Driverless cars

This video has been dropping jaws all over the tech blogosphere. It’s a model of what a (freaking huge!) intersection would look like if traffic signals and human driver decisions were eliminated in favor of total computer control: individual computers controlling the cars, which are driverless, and an “intersection manager” computer controlling all of the input from those cars as they approach and move through the intersection. The idea is to maximize traffic flow, and as you can see, these cars zip past one another with inches to spare.

Frankly I think it’s a good thing the cars will be driverless, because most of the would-be drivers will probably expire of cardiac arrest while traversing that intersection. (And heaven help any cyclists or pedestrians!)

Yesterday’s bantering about OS X vs. Windows vs. Ubuntu aside, no operating system is perfect and no software is perfect, and that’s not even considering things like power outages or wireless interruptions. This system had better have fifty redundancies and backups!

And now, just to give you a sample of that future heart attack, here is a video of pretty much the same traffic management system for real — but for human-driven traffic, in India. (Watch the white car that temporarily backs up traffic, and then watch the pedestrian it passes.)


About Fletcher DeLancey

Socialist heathen and Mac-using author of the Chronicles of Alsea, who enjoys pondering science, politics, well-honed satire (though sarcastic humor can work, too) and all things geeky.
This entry was posted in culture, tech, video. Bookmark the permalink.

4 Responses to Driverless cars

  1. Lilaine says:

    Better be ‘hackers-proof’, too, this system… 😮
    Reminds me of an old video game, though the score would be null for this game: no hit! 🙂

    There’s something to say about the way people in India know(have known for a long time) how to ‘function’ all together, sharing space and resources.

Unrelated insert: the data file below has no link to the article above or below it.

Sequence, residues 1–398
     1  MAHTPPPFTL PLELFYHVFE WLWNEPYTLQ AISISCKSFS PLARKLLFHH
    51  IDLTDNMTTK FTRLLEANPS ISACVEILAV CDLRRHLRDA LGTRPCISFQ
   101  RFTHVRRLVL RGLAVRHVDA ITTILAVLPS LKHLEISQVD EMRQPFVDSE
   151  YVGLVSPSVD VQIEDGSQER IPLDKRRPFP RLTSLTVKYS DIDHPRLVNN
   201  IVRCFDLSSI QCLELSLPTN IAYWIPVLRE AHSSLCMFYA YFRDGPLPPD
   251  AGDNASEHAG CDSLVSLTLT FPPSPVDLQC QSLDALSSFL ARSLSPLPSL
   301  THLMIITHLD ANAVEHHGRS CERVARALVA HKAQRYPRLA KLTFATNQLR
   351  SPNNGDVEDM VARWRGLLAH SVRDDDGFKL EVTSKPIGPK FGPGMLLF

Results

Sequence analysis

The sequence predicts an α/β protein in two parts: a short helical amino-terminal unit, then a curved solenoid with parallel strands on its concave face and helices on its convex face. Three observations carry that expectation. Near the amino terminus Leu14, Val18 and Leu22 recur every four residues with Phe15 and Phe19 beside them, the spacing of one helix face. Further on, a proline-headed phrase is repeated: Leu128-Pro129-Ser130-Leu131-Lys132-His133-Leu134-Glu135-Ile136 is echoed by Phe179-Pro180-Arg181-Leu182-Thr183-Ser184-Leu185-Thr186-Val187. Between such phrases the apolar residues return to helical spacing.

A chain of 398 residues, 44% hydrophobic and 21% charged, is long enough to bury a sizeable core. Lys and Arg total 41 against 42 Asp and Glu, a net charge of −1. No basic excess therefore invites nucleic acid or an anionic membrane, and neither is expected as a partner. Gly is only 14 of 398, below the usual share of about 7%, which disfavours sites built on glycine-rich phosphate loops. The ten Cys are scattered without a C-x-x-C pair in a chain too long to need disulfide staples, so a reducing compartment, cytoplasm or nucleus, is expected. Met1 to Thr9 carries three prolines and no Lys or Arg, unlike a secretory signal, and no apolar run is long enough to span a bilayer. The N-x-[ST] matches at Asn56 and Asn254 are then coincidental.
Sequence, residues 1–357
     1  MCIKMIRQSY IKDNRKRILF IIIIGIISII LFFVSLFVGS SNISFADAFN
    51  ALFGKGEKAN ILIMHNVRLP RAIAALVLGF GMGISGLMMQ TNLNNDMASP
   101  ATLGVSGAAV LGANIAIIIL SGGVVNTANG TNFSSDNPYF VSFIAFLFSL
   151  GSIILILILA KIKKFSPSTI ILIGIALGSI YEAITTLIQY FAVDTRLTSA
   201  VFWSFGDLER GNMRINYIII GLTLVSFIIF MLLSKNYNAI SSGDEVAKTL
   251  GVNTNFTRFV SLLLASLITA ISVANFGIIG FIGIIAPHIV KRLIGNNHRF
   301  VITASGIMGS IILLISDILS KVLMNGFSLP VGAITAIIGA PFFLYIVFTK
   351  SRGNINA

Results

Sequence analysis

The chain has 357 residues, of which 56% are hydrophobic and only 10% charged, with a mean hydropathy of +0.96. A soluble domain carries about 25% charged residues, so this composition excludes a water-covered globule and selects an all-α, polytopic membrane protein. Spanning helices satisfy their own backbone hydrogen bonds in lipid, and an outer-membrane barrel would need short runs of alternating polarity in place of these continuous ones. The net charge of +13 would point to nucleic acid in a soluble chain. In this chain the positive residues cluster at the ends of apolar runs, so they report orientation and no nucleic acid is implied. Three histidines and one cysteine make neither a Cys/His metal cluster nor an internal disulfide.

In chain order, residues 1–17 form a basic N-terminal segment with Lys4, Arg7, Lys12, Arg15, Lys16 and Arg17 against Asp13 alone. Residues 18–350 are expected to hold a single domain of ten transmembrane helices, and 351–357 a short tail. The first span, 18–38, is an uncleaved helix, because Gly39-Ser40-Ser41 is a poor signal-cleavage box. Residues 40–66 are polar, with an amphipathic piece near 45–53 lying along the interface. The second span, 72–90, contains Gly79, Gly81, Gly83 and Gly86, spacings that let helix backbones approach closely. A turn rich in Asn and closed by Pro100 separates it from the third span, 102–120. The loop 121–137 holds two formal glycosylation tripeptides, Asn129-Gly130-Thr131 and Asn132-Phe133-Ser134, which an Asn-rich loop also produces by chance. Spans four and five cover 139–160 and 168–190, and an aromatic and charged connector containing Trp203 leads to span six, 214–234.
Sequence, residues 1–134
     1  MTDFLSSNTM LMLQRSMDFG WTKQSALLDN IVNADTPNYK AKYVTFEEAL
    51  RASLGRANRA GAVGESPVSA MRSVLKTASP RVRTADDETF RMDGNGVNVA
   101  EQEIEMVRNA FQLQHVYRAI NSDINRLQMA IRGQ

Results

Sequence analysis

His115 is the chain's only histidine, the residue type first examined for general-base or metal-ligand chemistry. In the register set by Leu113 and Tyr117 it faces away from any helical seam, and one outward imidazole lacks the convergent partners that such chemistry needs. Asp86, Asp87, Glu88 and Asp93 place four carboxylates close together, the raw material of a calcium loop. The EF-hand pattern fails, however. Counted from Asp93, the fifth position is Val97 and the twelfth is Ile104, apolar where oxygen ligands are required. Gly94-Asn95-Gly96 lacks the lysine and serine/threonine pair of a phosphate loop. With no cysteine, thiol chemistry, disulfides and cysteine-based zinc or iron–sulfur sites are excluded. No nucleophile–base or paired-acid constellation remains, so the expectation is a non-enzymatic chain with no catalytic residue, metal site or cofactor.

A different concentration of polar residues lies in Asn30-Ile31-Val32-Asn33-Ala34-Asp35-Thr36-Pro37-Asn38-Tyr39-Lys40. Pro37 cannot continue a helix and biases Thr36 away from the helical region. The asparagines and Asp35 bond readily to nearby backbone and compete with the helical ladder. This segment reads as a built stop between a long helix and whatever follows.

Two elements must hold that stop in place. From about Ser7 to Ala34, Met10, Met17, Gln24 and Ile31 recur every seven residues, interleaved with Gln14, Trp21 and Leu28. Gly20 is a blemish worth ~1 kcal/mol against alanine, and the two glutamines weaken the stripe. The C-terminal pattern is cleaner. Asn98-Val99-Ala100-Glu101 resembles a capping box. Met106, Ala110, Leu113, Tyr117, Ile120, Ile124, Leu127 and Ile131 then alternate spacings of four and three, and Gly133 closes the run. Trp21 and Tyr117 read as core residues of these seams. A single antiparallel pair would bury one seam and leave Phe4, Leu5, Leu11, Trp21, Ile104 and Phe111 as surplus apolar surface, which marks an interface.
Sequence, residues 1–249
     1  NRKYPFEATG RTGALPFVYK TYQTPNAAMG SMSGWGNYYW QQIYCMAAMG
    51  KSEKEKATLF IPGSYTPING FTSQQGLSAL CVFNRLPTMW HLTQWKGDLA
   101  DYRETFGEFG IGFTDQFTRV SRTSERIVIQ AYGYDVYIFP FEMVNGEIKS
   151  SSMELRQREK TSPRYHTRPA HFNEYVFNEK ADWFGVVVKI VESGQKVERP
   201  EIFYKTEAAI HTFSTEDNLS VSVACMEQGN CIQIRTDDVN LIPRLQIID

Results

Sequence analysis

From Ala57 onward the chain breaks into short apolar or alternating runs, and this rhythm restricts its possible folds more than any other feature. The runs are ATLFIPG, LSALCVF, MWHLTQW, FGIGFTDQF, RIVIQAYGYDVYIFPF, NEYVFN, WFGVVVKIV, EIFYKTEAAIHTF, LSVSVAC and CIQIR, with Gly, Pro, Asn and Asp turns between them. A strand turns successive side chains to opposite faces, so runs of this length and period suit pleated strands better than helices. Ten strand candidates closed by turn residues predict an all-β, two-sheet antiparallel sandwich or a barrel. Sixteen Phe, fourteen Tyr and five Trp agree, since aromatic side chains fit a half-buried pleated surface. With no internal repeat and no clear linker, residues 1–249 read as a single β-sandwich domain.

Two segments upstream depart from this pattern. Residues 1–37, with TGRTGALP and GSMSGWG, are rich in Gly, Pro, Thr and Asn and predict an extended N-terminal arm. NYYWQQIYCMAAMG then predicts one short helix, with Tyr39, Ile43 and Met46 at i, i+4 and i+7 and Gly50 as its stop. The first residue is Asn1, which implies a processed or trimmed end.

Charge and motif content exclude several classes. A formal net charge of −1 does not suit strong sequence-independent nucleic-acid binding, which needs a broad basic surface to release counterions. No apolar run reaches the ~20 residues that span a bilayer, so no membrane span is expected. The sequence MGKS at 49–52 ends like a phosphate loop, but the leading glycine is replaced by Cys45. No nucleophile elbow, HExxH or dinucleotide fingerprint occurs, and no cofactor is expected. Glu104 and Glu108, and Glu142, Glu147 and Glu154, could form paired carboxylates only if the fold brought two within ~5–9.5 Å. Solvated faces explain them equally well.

Even a (sacred) scared cow could make her way safely through such an intersection. 😉

  2. kepler20f says:

    That is some impressive designing/programming. Is there an interactive version where you can add more cars/lanes, or more complex intersections, highway exits… bike lanes? 🙂

    Google has been making a lot of progress in driverless cars. I may have been misinformed, but somebody told me that Nevada already passed a bill authorizing them. Not sure under what kind of controls or restrictions.

    Now… from my experience driving in the U.S. for almost 6 years, and especially around cities and commuting routes, I have had the opportunity to fly past many a traffic jam, by benefiting from a) Carpool lanes and b) the fact that I had a whopping number of 2 people in the car, including myself.

    My guesstimate is that over 80% of cars here usually contain one single person – the driver (95% on commutes). So the concept of driverless cars is an amusing one of sorts.

    Of course the idea is not to have the driver seat empty, rather to have routes where the driver would give away controls of the car.

    Which also means he/she would be able to hold not one but two giant Slurpees or 20oz. Starbucks cups, or just one and use the other hand for the urgent mandatory “texting”.
    OK, no difference there, so maybe they will come up with something else.

    On a positive note, one out of 1000 cars on the roads here now seems to be a Smart, a Mini or a Cinquecento. Who would have thought?

    • oregon expat says:

      Which also means he/she would be able to hold not one but two giant Slurpees or 20oz. Starbucks cups, or just one and use the other hand for the urgent mandatory “texting”.

      Okay, that made me laugh out loud, because it is SO true. Don’t forget the eyeliner and lipstick for the women, and the battery powered electric razors for the men! Heck, future cars could come with a whole built-in bathroom/bar area.

  3. CathyW says:

    that was brilliant, the first one had me mesmerised, trying to track an individual ‘car’, was it the Atari game of tennis from way back when? the Indian intersection was poetry in motion, amazingly free flowing

Leave a Reply

Fill in your details below or click an icon to log in: Logo

You are commenting using your account. Log Out /  Change )

Google photo

You are commenting using your Google account. Log Out /  Change )

Twitter picture

You are commenting using your Twitter account. Log Out /  Change )

Facebook photo

You are commenting using your Facebook account. Log Out /  Change )

Connecting to %s